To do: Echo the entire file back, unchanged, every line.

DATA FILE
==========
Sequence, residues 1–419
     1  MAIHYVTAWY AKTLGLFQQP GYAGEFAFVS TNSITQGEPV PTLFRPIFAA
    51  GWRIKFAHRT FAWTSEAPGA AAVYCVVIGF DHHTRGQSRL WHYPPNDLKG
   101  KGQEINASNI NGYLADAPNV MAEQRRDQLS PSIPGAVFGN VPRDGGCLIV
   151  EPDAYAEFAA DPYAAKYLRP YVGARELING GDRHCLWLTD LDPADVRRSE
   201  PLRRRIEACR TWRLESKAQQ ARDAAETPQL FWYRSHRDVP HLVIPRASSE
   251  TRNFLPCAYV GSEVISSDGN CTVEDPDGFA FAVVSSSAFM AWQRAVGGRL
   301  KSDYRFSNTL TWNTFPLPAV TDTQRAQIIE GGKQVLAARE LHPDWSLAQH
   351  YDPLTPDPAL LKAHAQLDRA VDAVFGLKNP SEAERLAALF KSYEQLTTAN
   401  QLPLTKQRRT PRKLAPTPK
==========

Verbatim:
Sequence, residues 1–419
     1  MAIHYVTAWY AKTLGLFQQP GYAGEFAFVS TNSITQGEPV PTLFRPIFAA
    51  GWRIKFAHRT FAWTSEAPGA AAVYCVVIGF DHHTRGQSRL WHYPPNDLKG
   101  KGQEINASNI NGYLADAPNV MAEQRRDQLS PSIPGAVFGN VPRDGGCLIV
   151  EPDAYAEFAA DPYAAKYLRP YVGARELING GDRHCLWLTD LDPADVRRSE
   201  PLRRRIEACR TWRLESKAQQ ARDAAETPQL FWYRSHRDVP HLVIPRASSE
   251  TRNFLPCAYV GSEVISSDGN CTVEDPDGFA FAVVSSSAFM AWQRAVGGRL
   301  KSDYRFSNTL TWNTFPLPAV TDTQRAQIIE GGKQVLAARE LHPDWSLAQH
   351  YDPLTPDPAL LKAHAQLDRA VDAVFGLKNP SEAERLAALF KSYEQLTTAN
   401  QLPLTKQRRT PRKLAPTPK